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In this question, all rings are unital commutative, and all modules are unital (i.e., $1\cdot a=a$ for all module element $a$).

Definition of Inner Products

Let $M$ be an $R$-module. An inner product (This terminology may not be standard) on $M$ is a map $\langle\cdot,\cdot\rangle:M\times M\to R$ such that:

  1. (Bilinearity) For all $a,a',b\in M$ and all $r\in R$, $$\langle a+a',b\rangle=\langle a,b\rangle+\langle a',b\rangle\\ \langle ra,b\rangle=r\langle a,b\rangle\text{;}$$
  2. (Symmetry) For all $a,b\in M$, $$\langle a,b\rangle=\langle b,a\rangle\text{;}$$
  3. (Nondegeneracy) The linear map $$M\to M^*,\quad (b\mapsto(a\mapsto\langle a,b\rangle))$$ is bijective ($M^*$ is the dual module of $M$).

An inner product module is a module equipped with an inner product.

Let $M$ and $N$ be inner product $R$-modules. Let $M\otimes N$ be the tensor product. Then one can show that there is a unique bilinear map $\langle\cdot,\cdot\rangle:(M\otimes N)\times(M\otimes N)\to R$ such that \begin{equation} \langle a\otimes b,a'\otimes b'\rangle = \langle a,a'\rangle\langle b,b'\rangle \end{equation} for all $a,a'\in M$ and all $b,b'\in N$.

Question

Is the above bilinear map on $M\otimes N$ an inner product? If not, is there an easy sufficient condition?

My Attempt

I proved symmetry, but I could not prove nondegeneracy. Nondegeneracy means that the map $h:(M\otimes N)\to(M\otimes N)^*$ defined by \begin{equation} h(\alpha)(\beta)=\langle\alpha,\beta\rangle \end{equation} is bijective.

My attempt to prove that $h$ is surjective: Let $\varphi:M\otimes N\to R$ be a linear map. It suffices to show that there are $a\in M,\ b\in N$ such that for all $x\in M,\ y\in N$, \begin{equation} \langle a,x\rangle\langle b,y\rangle=\varphi(x\otimes y)\text{.} \end{equation} I do not know what to do next.

My attempt to prove that $h$ is injective: Let $\alpha\in\ker h$. We should show that $\alpha=0$. Write $\alpha=a_1\otimes b_1+\cdots a_m\otimes b_m$. Then for all $x\in M,\ y\in N$, \begin{equation} \langle a_1,x\rangle\langle b_1,y\rangle+\cdots+\langle a_m,x\rangle\langle b_m,y\rangle=0\text{.} \end{equation} This was all I could do.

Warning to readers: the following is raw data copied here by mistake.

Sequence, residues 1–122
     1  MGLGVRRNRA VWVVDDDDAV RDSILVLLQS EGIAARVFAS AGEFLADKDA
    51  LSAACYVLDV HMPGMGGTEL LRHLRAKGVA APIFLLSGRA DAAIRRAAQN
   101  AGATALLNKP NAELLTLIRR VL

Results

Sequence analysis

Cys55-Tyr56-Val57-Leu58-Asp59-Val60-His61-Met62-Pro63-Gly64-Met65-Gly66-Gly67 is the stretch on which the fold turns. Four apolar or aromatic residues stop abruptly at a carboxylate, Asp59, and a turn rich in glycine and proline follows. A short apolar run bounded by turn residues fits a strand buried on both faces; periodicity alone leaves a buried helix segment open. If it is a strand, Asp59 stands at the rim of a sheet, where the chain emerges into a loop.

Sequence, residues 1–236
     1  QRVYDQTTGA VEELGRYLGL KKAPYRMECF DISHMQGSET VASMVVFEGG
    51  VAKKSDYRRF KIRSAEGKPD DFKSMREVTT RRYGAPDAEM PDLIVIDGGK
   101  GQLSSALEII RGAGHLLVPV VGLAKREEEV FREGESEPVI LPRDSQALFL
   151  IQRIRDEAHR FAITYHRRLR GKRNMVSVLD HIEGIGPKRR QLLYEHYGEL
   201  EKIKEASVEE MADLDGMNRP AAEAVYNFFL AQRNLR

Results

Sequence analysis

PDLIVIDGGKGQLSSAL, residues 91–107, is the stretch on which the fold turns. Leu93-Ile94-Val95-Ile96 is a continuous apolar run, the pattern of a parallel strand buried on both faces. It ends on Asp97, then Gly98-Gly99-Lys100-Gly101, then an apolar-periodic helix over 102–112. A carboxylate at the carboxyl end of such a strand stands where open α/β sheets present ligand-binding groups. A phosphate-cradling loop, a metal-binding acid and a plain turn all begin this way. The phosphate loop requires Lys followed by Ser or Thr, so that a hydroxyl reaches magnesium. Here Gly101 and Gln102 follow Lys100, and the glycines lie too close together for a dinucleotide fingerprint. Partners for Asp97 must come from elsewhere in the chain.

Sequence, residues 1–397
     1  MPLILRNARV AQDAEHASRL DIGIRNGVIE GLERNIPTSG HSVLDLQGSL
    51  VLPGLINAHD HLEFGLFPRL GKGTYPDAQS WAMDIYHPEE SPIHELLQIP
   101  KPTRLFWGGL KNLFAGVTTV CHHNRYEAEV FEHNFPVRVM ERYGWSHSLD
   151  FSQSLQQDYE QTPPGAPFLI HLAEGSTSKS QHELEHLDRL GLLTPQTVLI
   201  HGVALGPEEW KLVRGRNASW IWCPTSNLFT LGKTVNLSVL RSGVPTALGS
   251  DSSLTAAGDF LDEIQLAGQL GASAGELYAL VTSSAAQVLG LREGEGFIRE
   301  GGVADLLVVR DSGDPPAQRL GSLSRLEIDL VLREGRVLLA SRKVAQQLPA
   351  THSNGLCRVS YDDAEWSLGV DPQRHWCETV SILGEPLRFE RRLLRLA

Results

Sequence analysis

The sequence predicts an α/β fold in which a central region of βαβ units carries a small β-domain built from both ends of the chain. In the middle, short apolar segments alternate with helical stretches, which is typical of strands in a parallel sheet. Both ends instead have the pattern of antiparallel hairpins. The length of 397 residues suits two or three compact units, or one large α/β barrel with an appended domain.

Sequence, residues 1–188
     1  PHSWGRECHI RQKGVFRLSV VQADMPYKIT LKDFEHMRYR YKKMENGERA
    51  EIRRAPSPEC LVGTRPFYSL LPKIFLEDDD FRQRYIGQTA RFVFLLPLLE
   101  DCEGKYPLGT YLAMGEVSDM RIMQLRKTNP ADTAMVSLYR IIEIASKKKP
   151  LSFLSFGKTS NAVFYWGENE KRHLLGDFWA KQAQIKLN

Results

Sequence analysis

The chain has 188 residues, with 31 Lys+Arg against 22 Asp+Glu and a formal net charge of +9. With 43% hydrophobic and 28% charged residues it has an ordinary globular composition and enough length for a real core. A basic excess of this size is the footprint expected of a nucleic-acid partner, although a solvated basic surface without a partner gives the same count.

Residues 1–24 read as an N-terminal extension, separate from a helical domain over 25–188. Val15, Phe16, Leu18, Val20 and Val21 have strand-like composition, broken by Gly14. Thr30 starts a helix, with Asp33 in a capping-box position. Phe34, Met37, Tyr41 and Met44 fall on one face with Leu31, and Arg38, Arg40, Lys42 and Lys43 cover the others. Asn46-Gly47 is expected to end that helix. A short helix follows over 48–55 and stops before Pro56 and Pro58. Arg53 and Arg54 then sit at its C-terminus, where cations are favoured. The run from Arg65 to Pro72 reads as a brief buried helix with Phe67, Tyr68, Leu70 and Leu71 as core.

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1 Answer 1

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I do not think you will get anywhere trying to reason explicitly with elements. That is the inconvenient nature of tensor products. Let $h_M\colon M\rightarrow M^{\ast}$ and $h_N\colon N\rightarrow N^{\ast}$ be the isomorphisms that are adjoint to the inner products on $M$ and $N$ respectively. Let $h\colon M\otimes_RN\rightarrow(M\otimes_RN)^{\ast}$ be the adjoint to the induced bilinear form on $M\otimes_RN$. To understand whether $h$ is an isomorphism, which is what we are interested in, means to understand its codomain $(M\otimes_RN)^{\ast}$ and compare $h$ to the maps $h_M,h_N$, which we know to be isomorphisms.

There is a map doing just that, the canonical map $f\colon M^{\ast}\otimes_RN^{\ast}\rightarrow(M\otimes_RN)^{\ast}$, which is adjoint to the map $(M^{\ast}\otimes_RN^{\ast})\otimes_R(M\otimes_RN)\cong(M^{\ast}\otimes_RM)\otimes_R(N^{\ast}\otimes_RN)\rightarrow R\otimes_RR\cong R$, the first isomorphism interchanging the middle two factors, the second map being the tensor product of the canonical evaluation maps and the last isomorphism being scalar multiplication. Explicitly, if $\varphi\in M^{\ast}$ and $\psi\in N^{\ast}$ and $x\in M$ and $y\in N$, then $f(\varphi\otimes\psi)(x\otimes y)=\varphi(x)\psi(y)$. It's a good exercise to check that the following triangle commutes: $$\require{AMScd} \def\diaguparrow#1{\smash{\raise.6em\rlap{\scriptstyle #1} \lower.3em{\mathord{\diagup}}\raise.52em{\!\mathord{\nearrow}}}} \begin{CD} && (M\otimes_RN)^{\ast}\\ & \diaguparrow{f} @AAhA \\ M^{\ast}\otimes_RN^{\ast} @<<h_M\otimes h_N< M\otimes_RN \end{CD}.$$ The map $h_M\otimes h_N$ is an isomorphism, beacuse $h_M$ and $h_N$ are. The commutativity of the diagram then implies that $h$ is an isomorphism if and only if $f$ is an isomorphism. Thus, from this perspective, the question reduces a question about $f$, which has nothing to do with inner products anymore.

However, the question when $f$ is an isomorphism is quite hard and not well-understood in general. I can't do better than refer you to this MO question, which contains both sufficient conditions and counter-examples.

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